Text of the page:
Travel: Bring on the fritillaries

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The Independent Travel
At one time the sight of a field of fritillaries was commonplace in middle and southern England. Fritillary Sundays were held so that the public could enjoy the spectacle. Now the number of these flowers has so diminished that perhaps only a dozen or so fritillary meadows still exist in England.

At Ducklington in the Windrush Valley, however, the tradition is going strong and on Sunday 27 April, visitors will be welcomed to admire the village's fritillary meadow. Local historian Phillip Best explains: "The field was bought by the Peel family who used to live in the manor-house. They were interested in conservation, and allowed people to come and see the flowers. After they left the village, the church continued to operate the celebration and in fact sometimes some of the family turn up to participate."

This year, as in the past, tea and home-made cakes will be served in the village hall and there will be stalls on the village green selling tea-towels and other items decorated with fritillaries. Phillip Best suggests that visitors also make their way to the church, where they will be able to observe further evidence of Ducklington's association with fritillaries.

The flowers are embroidered on two modern altar frontals and depicted in a fine stained-glass window, dating from the Thirties, by the Arts and Crafts-influenced artist Caroline Townshend.

Fritillaries are also carved into the 19th-century pulpit from Magdalen College, which itself boasts perhaps the best-known fritillary meadow in England. Indeed, Magdalen's fritillaries may well have come from Ducklington. In the 18th century, the living of the parish was under the patronage of Magdalen College; Richard Mabey in Flora Britannica suggests that the incumbent took some of the fritillaries from Ducklington back to his college to plant.

People in Ducklington recall gypsies and locals regarding the plants as a lucrative side-line. Children would take fritillary posies to sell in Oxford and Birmingham, and flowers were even sent to Covent Garden. Ducklington was by no means the only place where such a trade existed. Iffley in Oxfordshire had a tradition of permitting children over nine years old to sell posies in Oxford High Street.

The history of the plant is of interest because it is uncertain whether it is a genuine native wild flower or a garden escapee. The Latin name Fritillaria meleagris describes its appearance; fritillaria refers to its chequered markings and means a dice box, while meleagris refers to the mottled feathering of the guinea-fowl. It has a great many local names, including toad's head, frog cup, dead man's bells, and mourning bells of Solomon. In Berkshire it was known as bloody warrior, from the belief that each flower grew from a drop of Dane's blood. The first botanist to mention it was John Blackstone, who in 1736 noted it growing at Maud Field near Ruislip. If the plant were native to this country, it seems unlikely that early botanical writers would have overlooked it.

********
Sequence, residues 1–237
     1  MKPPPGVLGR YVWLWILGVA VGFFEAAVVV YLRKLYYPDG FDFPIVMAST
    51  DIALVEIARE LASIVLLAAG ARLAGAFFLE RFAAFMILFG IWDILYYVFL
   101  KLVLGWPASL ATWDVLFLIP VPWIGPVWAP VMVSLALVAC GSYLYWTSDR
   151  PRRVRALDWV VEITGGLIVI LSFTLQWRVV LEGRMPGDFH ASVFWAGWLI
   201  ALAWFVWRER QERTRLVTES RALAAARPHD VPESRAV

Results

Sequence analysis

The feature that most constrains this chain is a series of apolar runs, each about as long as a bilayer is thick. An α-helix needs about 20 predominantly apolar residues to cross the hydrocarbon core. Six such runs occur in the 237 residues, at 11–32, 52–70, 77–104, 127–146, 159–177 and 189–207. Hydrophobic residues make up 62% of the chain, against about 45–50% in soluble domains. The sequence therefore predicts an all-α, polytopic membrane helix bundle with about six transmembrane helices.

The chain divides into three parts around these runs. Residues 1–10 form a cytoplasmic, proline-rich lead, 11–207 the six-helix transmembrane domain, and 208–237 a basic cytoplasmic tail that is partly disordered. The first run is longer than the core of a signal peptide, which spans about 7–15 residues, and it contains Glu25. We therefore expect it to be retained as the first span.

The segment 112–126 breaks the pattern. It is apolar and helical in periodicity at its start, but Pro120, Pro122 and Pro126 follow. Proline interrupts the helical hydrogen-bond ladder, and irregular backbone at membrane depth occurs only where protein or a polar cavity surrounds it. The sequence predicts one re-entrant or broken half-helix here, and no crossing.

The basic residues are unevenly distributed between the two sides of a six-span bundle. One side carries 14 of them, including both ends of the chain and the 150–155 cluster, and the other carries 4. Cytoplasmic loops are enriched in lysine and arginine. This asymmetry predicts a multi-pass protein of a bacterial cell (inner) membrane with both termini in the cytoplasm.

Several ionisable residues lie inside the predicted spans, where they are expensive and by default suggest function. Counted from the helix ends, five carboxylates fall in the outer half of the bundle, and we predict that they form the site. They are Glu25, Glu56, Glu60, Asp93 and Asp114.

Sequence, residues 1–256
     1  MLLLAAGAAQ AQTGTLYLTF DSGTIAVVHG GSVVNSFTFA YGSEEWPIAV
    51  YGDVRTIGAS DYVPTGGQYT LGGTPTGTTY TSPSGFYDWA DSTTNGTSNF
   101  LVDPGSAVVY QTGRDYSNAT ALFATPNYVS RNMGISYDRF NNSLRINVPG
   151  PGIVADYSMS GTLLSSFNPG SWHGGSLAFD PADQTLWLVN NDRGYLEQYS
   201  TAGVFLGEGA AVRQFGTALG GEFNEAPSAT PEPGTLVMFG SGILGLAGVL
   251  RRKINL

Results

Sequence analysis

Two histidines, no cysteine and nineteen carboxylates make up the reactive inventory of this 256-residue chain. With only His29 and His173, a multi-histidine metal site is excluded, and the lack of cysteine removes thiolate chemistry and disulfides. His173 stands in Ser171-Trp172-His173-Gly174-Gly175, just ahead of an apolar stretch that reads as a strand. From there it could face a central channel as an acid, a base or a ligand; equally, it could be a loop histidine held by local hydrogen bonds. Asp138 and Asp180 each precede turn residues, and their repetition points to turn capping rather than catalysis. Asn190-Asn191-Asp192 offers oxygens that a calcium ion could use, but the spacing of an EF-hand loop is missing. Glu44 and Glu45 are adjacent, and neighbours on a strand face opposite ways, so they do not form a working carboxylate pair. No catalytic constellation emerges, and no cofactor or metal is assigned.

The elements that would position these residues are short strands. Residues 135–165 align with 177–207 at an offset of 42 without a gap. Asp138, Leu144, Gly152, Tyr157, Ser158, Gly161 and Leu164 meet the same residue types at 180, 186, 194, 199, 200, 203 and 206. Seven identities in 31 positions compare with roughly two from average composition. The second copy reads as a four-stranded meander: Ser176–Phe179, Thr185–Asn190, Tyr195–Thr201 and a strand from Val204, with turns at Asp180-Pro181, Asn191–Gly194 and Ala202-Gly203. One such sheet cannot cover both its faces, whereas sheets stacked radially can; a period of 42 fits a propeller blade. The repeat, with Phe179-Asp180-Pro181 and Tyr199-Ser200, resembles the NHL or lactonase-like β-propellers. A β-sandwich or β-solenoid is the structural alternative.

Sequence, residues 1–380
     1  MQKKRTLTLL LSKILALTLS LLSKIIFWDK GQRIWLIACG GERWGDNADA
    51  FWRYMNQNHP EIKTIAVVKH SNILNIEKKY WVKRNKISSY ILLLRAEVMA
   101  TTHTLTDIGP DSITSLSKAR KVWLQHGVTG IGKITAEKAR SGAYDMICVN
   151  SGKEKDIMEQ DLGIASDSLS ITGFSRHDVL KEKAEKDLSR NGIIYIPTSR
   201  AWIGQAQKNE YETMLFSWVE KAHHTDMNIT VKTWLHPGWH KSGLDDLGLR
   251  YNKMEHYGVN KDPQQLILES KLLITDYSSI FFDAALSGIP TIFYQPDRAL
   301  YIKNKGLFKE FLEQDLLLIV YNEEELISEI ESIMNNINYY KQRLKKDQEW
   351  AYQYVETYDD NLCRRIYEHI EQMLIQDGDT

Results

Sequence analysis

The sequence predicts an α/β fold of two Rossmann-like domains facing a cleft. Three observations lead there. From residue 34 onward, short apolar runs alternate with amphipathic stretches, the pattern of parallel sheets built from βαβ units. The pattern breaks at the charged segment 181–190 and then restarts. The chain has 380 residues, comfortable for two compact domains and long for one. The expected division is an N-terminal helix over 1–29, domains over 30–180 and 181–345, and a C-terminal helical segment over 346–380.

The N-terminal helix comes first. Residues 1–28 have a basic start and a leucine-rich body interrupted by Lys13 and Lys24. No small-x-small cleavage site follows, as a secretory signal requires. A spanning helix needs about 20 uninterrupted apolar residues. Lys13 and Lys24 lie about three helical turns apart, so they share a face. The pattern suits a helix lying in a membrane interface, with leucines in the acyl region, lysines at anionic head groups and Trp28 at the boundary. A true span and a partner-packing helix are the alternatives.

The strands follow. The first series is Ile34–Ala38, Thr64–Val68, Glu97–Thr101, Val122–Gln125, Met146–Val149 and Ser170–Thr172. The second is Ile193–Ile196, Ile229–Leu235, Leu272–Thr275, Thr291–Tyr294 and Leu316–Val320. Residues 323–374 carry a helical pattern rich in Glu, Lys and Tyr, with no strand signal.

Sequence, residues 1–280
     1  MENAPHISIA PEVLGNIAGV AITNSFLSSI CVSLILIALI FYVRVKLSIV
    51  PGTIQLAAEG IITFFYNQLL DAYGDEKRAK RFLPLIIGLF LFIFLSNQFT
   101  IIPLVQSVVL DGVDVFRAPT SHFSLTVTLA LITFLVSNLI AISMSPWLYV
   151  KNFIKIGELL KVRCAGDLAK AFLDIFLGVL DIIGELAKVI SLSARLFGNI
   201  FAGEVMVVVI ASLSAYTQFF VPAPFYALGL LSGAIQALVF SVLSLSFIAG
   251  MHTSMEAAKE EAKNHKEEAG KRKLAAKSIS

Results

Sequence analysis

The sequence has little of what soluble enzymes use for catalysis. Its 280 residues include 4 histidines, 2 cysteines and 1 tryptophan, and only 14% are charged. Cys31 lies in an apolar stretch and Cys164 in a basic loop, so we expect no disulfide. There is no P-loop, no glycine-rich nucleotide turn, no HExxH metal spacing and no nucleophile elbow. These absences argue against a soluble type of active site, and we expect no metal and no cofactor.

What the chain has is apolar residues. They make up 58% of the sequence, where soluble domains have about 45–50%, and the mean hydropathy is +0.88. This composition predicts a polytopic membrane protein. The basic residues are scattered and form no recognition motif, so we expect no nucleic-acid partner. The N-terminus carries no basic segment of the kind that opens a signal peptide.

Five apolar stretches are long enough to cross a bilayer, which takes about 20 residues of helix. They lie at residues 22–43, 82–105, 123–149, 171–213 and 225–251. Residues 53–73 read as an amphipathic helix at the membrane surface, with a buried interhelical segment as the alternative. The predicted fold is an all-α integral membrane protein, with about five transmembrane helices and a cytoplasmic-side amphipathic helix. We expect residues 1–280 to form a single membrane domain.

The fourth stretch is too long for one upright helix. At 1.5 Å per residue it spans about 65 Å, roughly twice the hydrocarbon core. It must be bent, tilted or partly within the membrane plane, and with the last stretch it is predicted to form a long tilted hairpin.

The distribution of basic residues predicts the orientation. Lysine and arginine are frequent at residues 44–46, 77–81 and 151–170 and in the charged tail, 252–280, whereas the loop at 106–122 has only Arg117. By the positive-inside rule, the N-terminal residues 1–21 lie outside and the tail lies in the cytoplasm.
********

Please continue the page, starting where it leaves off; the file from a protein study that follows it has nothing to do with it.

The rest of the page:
What is certain, however, is that the fritillary grows best on damp meadows which in the past were known as Lammas land. This was grazed from Lammas Day in August until Candlemas in February, at which time the stock was removed so that a cut of hay could be made in July. Changes in husbandry, extensive land drainage and gravel extraction have been responsible for the demise of many of these meadows, but there is still one magnificent example to be found - the 108-acre North Meadow at Cricklade in Wiltshire. Here, on the alluvial deposits of the flood plain of the rivers Thames and Churn, three-quarters of the British fritillary population still grows. In bloom, it is an unforgettable sight.

While Ducklington is one of the few parishes to keep up the tradition of a Fritillary Sunday, tomorrow at Framsden in Suffolk, an open day for fritillary viewing will be held at Fox's Meadow, a five-acre site now owned by the Suffolk Wildlife Trust. The meadow can be viewed throughout the flowering period, but on the open day refreshments are served and there is free parking. Fox's Meadow is named after a former owner, Queenie Fox, who opened it for charity once a year, allowing anyone who paid a shilling to take home a bunch of flowers. Of course, a pick-your-own fritillary field would be environmentally unacceptable today; you now come simply to look and to marvel.

Where to see fritillaries: Magdalen Meadow beside Magdalen College, Oxford; tomorrow during Fritillary Sunday at Ducklington, six miles west of Oxford; at Fox Fritillary Meadow on open day, 27 April; at Boundary Farm, Framsden, near Debenham, in Suffolk (Suffolk Wildlife Trust also owns other Nature Reserves where fritillaries bloom: details, 01473 890 089); North Meadow at Cricklade, half-way between Swindon and Cirencester - the best fritillaries are at the far end.